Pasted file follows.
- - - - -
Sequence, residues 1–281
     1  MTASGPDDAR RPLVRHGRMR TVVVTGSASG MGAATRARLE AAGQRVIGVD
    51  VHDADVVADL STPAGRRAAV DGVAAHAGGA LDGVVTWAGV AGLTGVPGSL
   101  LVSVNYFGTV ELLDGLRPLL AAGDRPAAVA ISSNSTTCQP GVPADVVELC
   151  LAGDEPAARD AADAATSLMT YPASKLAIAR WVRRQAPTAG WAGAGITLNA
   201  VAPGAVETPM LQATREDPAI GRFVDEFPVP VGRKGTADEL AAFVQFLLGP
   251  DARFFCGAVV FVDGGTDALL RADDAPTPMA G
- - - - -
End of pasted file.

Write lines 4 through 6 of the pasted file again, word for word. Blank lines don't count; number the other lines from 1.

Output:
   101  LVSVNYFGTV ELLDGLRPLL AAGDRPAAVA ISSNSTTCQP GVPADVVELC
   151  LAGDEPAARD AADAATSLMT YPASKLAIAR WVRRQAPTAG WAGAGITLNA
   201  VAPGAVETPM LQATREDPAI GRFVDEFPVP VGRKGTADEL AAFVQFLLGP